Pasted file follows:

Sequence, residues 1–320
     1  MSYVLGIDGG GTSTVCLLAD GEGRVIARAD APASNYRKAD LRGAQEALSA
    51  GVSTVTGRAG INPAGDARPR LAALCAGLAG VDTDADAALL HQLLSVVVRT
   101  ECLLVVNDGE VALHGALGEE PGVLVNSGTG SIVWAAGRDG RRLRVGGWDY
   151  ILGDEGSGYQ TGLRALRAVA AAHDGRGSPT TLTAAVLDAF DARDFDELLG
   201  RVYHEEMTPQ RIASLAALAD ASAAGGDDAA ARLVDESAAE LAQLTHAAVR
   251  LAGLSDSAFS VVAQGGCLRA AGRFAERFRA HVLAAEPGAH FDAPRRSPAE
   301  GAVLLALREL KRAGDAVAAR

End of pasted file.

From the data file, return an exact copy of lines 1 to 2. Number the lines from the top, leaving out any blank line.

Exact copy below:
Sequence, residues 1–320
     1  MSYVLGIDGG GTSTVCLLAD GEGRVIARAD APASNYRKAD LRGAQEALSA